Way Too Soft Butter: means your butter is, um, way too soft. It might even have tiny melty spots if you tried to soften too aggressively in the microwave (ahem, which I never do, right!). Your finger will easily slide through the stick of very mushy butter.

Melted Butter: means your butter is melted. Wow. These are difficult concepts, I know.

You can see in the picture below how the cookie batters already look quite different. This is right after the eggs and vanilla have been added and beaten into the batter. Please forgive the different bowl size. My life has only so many Pyrex bowls.
The Great Cookie Experiment

Now behold a bird’s eye view of the batter after the dry ingredients and chocolate chips have been added. Pretty easy to tell how the batters are different based on the butter, right?The Great Cookie Experiment

After the cookies are baked, the differences are pretty obvious (even though I failed to recognize them in my hasty FB post of yesterweek). The first cookie with cool room temperature butter is picture perfect. It baked evenly and held it’s shape, flattening beautifully without overspreading. The way too soft butter cookie doesn’t look too shabby but if you look closely, you’ll notice that it’s a bit doughier and slightly greasier than the cool room temp butter cookie, although it still held it’s shape pretty well. The melted butter cookie? Misshapen and just not up to par with the others in looks. In taste it wasn’t too far off, but like the way too soft butter cookie, it was greasier in texture and too underdone in the center even though the edges and bottom were browned (and just so you know, I eat all cookies equally so no cookies were harmed or thrown away due to superficial imperfections).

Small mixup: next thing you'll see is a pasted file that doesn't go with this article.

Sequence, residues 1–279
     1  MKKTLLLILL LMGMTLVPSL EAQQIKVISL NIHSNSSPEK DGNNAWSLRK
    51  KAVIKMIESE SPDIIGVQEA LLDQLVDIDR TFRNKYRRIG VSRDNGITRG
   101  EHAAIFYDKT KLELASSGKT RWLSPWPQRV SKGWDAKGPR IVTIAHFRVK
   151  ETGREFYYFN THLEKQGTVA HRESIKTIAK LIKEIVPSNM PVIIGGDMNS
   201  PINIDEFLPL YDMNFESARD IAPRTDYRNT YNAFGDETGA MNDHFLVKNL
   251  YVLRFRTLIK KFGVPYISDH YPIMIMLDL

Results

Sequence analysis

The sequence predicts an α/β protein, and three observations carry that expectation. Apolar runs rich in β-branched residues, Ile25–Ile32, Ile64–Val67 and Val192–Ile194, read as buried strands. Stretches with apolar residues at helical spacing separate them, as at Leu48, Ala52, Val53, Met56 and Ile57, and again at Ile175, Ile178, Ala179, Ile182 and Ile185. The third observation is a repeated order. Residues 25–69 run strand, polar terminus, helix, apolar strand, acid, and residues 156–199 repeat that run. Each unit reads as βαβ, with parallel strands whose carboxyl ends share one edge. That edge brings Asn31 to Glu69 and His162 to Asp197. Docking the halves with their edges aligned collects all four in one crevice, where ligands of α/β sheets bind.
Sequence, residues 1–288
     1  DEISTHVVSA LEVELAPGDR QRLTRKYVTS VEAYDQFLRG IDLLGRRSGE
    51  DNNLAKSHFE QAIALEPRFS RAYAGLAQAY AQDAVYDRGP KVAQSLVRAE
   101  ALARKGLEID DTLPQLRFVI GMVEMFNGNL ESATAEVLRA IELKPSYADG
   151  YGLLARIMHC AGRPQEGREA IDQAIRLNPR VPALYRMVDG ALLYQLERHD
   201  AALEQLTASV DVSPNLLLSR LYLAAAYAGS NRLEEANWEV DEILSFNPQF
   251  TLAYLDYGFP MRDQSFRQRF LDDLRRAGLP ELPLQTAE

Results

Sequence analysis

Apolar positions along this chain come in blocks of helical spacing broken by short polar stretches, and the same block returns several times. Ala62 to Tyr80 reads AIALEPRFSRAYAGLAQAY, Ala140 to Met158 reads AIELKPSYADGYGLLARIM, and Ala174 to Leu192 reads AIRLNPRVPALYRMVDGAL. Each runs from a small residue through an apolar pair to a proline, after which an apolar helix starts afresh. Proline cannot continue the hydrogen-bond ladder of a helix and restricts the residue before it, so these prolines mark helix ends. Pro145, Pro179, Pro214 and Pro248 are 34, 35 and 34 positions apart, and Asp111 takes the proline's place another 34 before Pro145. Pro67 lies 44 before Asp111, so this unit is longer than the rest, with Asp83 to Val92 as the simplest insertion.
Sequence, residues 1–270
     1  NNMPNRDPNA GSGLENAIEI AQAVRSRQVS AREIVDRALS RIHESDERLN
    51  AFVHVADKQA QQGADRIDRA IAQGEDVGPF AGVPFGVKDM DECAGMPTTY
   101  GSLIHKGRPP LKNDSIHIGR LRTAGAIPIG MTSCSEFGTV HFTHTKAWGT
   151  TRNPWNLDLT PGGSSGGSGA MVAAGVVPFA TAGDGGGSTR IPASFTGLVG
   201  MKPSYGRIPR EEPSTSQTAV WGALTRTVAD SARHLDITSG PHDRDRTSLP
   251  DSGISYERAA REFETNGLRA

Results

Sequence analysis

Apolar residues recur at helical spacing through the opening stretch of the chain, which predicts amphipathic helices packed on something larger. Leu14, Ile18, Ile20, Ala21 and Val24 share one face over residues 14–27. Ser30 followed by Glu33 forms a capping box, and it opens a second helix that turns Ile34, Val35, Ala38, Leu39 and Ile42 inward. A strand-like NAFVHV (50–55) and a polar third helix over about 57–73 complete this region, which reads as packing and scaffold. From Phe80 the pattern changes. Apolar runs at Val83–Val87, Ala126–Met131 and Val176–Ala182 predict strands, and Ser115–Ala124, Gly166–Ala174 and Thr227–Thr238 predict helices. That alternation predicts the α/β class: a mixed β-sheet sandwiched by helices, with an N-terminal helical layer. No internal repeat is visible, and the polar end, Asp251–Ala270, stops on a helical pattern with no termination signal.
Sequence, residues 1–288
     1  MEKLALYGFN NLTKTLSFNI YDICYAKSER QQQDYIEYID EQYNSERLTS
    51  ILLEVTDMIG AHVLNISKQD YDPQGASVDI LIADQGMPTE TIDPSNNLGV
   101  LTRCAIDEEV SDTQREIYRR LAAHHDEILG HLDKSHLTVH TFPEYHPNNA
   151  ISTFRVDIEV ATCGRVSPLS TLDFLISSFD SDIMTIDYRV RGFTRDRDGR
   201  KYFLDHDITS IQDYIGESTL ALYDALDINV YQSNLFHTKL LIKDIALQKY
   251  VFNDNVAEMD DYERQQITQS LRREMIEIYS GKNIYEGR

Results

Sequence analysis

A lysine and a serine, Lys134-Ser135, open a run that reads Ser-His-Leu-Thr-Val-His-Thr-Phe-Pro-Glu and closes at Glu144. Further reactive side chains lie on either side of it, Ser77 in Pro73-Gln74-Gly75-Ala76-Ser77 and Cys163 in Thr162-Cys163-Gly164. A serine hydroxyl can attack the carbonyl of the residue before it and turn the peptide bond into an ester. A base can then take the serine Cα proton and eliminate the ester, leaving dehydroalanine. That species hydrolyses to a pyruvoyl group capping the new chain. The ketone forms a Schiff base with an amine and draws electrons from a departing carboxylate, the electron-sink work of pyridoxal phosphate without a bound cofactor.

The Great Cookie Experiment

Here’s an up close and personal look at the melted butter cookie. Hardly round, and while you can’t see it, much flatter than the other cookies. Oh, and please disregard my chipped mini platter. Totally not worth photoshopping out. It’s kind of a peek into my real life: chipped platters, misshapen cookies and all. Welcome to my world!
The Great Cookie Experiment